NHS Ayrshire and Arran has spent £433,000 in the nine months to the end of December last year -or £48,111 a month - in salaries for 11 different locums for Cumbrae.
The island's previous GPs quit last April after a long-running battle to prevent a community pharmacy from opening, leaving the health board to use locums to provide round-the-clock medical care for some 1400 patients.
Despite three previous recruitment drives, NHS Ayrshire and Arran has struggled to find a permanent replacement for husband-and-wife team Drs Jim and Elizabeth Bryson, who had served the community for 27 years.
The couple took early retirement after they were forced to close the practice's drug dispensary following the opening of a pharmacy in Millport. GPs are only allowed to dispense, as well as prescribe, drugs in communities where there is no pharmacy available. A third GP they employed also quit.
At the time the practice cost the NHS around £250,000-a-year, with the additional income from the dispensary used to cover the cost of the third GP, out-of-hours care and home visits.
Critics said it had also been used to top up the GPs' own incomes, but the case is one of a number that has led the Scottish Government to consider overhauling the rules to bar pharmacies from opening in certain areas.
The board hopes to resolve the situation in the coming weeks with three doctors who have submitted business plans to take over the Cumbrae Medical Practice in Millport being interviewed on Friday.
Jean Kerr, chairwoman of the Cumbrae Elderly Forum, said she hopes the latest round of interviews will bring the saga to a close.
She said: "The whole thing has been ludicrous, and all brought about by forcing a pharmacy on us. An ideal scenario is that we get two doctors willing to stay on the island so that we can have someone around full-time but I don't know how likely that is. But the status quo is no use either."
NHS Ayrshire and Arran advertised the £338,500 practice contract in Millport for the fourth time in less than 12 months shortly before Christmas.
It received seven applications, with three candidates going on to submit business plans - the highest level of interest to date. However, previous recruitment drives have collapsed because applicants could not agree on a salary.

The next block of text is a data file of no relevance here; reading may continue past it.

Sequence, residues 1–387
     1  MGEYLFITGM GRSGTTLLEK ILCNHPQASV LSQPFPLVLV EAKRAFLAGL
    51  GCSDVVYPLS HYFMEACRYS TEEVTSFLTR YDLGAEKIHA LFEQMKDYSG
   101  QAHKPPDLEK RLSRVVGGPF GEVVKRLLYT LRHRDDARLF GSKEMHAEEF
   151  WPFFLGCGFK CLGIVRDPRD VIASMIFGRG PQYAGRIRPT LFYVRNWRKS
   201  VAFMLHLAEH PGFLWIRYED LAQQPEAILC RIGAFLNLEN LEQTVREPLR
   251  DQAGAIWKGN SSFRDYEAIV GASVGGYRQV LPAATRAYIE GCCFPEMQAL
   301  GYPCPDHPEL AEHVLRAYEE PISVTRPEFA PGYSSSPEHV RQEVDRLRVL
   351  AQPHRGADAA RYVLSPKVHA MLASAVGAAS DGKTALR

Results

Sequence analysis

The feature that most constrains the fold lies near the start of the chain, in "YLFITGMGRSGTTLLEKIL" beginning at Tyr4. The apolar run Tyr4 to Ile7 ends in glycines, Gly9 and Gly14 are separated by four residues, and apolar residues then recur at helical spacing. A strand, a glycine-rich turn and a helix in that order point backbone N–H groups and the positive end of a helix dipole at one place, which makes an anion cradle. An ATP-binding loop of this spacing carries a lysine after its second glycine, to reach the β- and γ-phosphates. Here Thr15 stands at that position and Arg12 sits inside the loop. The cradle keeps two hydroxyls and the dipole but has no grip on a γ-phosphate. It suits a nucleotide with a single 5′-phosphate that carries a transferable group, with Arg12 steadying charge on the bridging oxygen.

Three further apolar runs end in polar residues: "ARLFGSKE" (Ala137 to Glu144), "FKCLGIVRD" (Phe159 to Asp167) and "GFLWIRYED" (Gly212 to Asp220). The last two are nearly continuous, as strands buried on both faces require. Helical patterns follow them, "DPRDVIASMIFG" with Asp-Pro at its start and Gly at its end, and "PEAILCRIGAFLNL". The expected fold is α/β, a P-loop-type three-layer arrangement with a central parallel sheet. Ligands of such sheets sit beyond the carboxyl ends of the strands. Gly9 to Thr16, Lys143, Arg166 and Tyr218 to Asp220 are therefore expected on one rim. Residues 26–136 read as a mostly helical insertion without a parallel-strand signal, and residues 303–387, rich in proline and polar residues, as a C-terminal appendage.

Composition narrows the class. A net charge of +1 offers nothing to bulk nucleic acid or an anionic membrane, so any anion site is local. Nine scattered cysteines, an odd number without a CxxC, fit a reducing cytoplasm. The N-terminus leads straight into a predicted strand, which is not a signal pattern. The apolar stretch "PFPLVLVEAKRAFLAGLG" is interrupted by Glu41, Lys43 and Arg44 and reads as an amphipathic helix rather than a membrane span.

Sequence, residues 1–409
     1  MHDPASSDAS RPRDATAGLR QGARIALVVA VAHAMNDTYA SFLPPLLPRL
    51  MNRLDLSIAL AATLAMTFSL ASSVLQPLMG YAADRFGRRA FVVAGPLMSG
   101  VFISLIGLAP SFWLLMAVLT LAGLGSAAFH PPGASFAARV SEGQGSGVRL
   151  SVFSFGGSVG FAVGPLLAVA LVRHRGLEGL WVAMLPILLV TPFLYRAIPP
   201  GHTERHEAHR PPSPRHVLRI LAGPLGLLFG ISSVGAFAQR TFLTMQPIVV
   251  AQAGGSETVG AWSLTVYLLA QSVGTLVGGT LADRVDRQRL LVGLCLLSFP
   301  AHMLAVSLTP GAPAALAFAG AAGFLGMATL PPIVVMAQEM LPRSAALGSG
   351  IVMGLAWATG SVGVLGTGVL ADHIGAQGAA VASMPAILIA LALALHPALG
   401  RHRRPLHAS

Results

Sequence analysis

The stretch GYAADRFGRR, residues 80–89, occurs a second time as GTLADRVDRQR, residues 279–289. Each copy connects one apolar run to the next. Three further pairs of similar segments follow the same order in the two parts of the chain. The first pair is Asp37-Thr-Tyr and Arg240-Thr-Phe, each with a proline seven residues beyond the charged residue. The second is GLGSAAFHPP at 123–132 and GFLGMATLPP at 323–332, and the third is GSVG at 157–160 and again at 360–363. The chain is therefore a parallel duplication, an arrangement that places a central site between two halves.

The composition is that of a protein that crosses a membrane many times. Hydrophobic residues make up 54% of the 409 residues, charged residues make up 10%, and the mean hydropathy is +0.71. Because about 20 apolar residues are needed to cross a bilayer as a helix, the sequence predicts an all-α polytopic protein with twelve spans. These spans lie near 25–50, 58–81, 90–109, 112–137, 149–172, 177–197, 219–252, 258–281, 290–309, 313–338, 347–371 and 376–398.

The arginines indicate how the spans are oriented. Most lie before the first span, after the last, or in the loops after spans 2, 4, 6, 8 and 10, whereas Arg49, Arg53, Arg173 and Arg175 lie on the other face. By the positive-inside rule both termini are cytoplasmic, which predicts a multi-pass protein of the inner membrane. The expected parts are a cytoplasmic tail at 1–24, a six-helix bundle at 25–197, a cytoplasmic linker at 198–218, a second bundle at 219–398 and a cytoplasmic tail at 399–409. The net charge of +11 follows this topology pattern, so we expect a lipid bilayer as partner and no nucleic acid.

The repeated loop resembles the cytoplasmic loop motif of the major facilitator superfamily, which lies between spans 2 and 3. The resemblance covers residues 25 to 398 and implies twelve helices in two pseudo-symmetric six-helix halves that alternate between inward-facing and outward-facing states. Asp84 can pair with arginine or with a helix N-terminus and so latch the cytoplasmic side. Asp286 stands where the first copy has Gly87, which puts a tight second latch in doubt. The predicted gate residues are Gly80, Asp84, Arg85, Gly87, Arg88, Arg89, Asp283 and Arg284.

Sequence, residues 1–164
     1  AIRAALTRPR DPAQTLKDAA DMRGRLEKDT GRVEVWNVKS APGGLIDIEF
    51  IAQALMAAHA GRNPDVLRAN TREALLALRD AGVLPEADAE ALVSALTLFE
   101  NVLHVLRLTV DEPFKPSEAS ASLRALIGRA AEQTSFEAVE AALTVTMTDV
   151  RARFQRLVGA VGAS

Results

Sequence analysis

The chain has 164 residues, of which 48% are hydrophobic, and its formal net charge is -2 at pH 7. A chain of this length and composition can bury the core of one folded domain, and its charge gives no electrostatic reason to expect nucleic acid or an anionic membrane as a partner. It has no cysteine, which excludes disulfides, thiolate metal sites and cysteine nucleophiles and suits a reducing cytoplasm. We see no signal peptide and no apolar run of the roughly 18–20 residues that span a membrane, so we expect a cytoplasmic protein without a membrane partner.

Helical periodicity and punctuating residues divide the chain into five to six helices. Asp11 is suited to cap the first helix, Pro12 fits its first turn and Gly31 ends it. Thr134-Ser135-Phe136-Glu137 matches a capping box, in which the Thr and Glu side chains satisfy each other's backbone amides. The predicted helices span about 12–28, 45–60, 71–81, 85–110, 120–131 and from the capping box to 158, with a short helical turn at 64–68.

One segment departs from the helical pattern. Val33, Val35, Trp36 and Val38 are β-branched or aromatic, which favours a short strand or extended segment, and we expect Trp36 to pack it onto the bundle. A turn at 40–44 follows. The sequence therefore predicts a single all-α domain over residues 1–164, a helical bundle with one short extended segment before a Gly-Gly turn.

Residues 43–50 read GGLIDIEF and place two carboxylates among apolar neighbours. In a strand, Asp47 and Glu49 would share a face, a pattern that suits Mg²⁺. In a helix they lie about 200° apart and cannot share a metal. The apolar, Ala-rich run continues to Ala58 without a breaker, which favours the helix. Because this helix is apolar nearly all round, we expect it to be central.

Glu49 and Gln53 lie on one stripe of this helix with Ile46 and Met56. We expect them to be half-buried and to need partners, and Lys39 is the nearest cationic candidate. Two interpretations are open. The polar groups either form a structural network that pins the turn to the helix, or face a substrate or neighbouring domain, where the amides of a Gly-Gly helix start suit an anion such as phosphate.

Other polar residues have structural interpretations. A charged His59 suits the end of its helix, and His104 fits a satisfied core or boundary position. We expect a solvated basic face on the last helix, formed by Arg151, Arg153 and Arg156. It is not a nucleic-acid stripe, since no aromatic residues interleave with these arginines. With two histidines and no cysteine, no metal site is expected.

Dr Andrew Buist, deputy chairman of BMA's Scottish GP Committee, said the cost of running rural practices was offputting to applicants. He said: "A lot of these practices might have very small patients lists of around 1300, which is less than a single mainland GP might have.
"When the Scottish Government is only paying you £70 per patient annually, that doesn't leave much to cover overtime, out-of-hours care, extra staff, bills and so on.
"It's a lot of work if you're the only GP, and these aren't high-earning practices. If you want to earn a high income, you'd go to city practices. So you need the kind of top-up funds that come from a dispensary to make it worthwhile."
Local MSP Kenneth Gibson said: "Servicing the health needs of Cumbrae, which has a high proportion of vulnerable, elderly people, by locum for any length of time is expensive and patients cannot get to know and build trust in doctors that change frequently.
"It will be a great relief for islanders to have their own island based GP service re-established."
Dr Alison Graham, medical director at NHS Ayrshire and Arran, said: "Patient safety is always our first priority. NHS Ayrshire & Arran has a duty to ensure there are arrangements in place to provide safe, effective and equitable care for everyone in Ayrshire and Arran.
"Since April 2013, we have employed one full-time locum GP on Cumbrae to ensure continuity of care for the local population. This has been supplemented by a further seven sessions to ensure sufficient cover. These additional sessions have, in the main, been covered by two locum GPs, again to ensure continuity of care. The remaining locums have been used mainly to cover shifts during leave or when the three main locums have not been available.
"We will continue to use locum GPs on Cumbrae to maintain a safe level of service until the practice contract is agreed."